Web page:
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Quantum dots are key to spray-on solar cells

Technology News |
By eeNews Europe

Illan Kramer and colleagues from the University of Toronto have invented a way to spray solar cells onto flexible surfaces using miniscule light-sensitive materials known as colloidal quantum dots (CQDs) – a major step toward making spray-on solar cells easy and cheap to manufacture.

“My dream is that one day you’ll have two technicians with Ghostbusters backpacks come to your house and spray your roof,” said Kramer, a post-doctoral fellow with The
Edward S. Rogers Sr. Department of Electrical & Computer Engineering at the University of Toronto and IBM Canada’s Research and Development Centre.

Solar-sensitive CQDs printed onto a flexible film could be used to coat all kinds of weirdly shaped surfaces, from patio furniture to an airplane’s wing. A surface the
size of your car’s roof wrapped with CQD-coated film would produce enough energy to power three 100-Watt light bulbs – or 24 compact fluorescents.

Until now, it was only possible to incorporate light-sensitive CQDs onto surfaces through batch processing – an inefficient, slow and expensive assembly-line approach to chemical coating. SprayLD blasts a liquid containing CQDs directly onto flexible surfaces, such as film or plastic, like printing a newspaper by applying ink onto a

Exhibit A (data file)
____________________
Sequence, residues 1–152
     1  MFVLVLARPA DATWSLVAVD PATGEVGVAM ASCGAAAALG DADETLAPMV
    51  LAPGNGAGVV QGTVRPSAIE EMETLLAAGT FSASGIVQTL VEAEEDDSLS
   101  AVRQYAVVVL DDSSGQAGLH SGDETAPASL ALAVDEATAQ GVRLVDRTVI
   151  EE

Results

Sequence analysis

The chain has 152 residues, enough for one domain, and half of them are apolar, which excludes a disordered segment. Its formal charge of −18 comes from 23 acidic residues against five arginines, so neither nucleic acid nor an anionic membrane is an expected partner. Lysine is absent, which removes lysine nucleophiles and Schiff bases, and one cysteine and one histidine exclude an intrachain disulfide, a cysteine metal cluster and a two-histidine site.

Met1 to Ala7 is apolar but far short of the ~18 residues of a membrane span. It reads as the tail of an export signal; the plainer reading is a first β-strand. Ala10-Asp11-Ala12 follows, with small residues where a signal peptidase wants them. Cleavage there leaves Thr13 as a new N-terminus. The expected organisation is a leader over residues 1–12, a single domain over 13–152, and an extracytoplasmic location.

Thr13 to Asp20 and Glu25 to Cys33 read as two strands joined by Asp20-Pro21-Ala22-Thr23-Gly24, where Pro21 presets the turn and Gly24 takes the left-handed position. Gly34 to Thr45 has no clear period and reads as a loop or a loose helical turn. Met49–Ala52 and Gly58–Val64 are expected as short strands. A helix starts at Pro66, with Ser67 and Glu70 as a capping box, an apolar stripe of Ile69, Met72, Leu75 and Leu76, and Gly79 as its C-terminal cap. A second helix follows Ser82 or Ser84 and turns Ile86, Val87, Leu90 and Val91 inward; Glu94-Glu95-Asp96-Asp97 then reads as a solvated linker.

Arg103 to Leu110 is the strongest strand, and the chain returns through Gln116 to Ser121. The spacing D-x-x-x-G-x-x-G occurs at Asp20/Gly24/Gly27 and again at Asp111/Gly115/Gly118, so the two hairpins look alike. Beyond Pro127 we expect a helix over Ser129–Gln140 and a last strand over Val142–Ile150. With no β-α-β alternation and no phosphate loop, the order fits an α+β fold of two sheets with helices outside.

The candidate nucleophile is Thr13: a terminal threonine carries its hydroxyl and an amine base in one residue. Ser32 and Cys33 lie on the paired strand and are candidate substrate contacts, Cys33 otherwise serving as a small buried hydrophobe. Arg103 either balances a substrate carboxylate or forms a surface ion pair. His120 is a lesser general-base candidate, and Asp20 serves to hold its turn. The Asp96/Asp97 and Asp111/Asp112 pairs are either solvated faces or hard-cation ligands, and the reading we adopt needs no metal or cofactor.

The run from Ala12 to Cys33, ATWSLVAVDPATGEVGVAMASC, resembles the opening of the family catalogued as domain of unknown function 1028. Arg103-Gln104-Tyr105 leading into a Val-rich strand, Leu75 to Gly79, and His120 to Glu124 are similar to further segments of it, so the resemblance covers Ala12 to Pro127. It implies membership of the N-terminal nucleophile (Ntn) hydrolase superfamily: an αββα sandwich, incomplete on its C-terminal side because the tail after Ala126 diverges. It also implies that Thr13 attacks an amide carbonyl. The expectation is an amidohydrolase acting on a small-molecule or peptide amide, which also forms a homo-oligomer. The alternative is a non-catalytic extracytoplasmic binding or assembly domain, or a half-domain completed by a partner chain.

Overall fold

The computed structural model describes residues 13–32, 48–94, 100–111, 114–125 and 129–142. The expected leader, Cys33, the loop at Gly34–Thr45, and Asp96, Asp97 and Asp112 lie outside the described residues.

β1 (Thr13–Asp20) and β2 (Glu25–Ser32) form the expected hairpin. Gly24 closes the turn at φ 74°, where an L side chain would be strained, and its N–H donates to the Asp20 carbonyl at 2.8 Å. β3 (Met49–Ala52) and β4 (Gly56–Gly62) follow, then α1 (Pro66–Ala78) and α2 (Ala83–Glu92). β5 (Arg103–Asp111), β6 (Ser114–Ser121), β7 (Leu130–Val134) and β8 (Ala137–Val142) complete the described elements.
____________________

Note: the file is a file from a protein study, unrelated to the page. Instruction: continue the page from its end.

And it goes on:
roll of paper. This roll-to-roll coating method makes incorporating solar cells into existing manufacturing processes much simpler. In two recent papers in the
journals Advanced Materials and Applied Physics Letters, Kramer showed that the sprayLD method can be used on flexible materials without any major loss in solar-cell
efficiency.

Kramer built the sprayLD device using parts that are readily available and affordable going so far as to source a spray nozzle used in steel mills to cool steel with a fine mist of water and using a few regular air brushes from an art store.

“This is something you can build in a Junkyard Wars fashion, which is basically how we did it,” said Kramer. “We think of this as a no-compromise solution for shifting from batch processing to roll-to-roll.”

“As quantum dot solar technology advances rapidly in performance, it’s important to determine how to scale them and make this new class of solar technologies
manufacturable,” said Professor Ted Sargent (ECE), vice dean, research in the Faculty of Applied Science & Engineering at University of Toronto and Kramer’s
supervisor. “We were thrilled when this attractively manufacturable spray-coating process also led to superior performance devices showing improved control and
purity.”

In a third paper in the journal ACS Nano, Kramer and his colleagues used IBM’s BlueGeneQ supercomputer to model how and why the sprayed CQDs perform just as well as – and in some cases better than – their batch-processed counterparts. This work was supported by the IBM Canada Research and Development Centre, and by King Abdullah University of Science and Technology.

Related articles and links:

https://news.engineering.utoronto.ca

News articles:

Quantum dot solar concentrator opens energy harvesting window

Nanoengineering quadruples carrier multiplication in quantum dots

Are quantum dot solar cells commercially viable?


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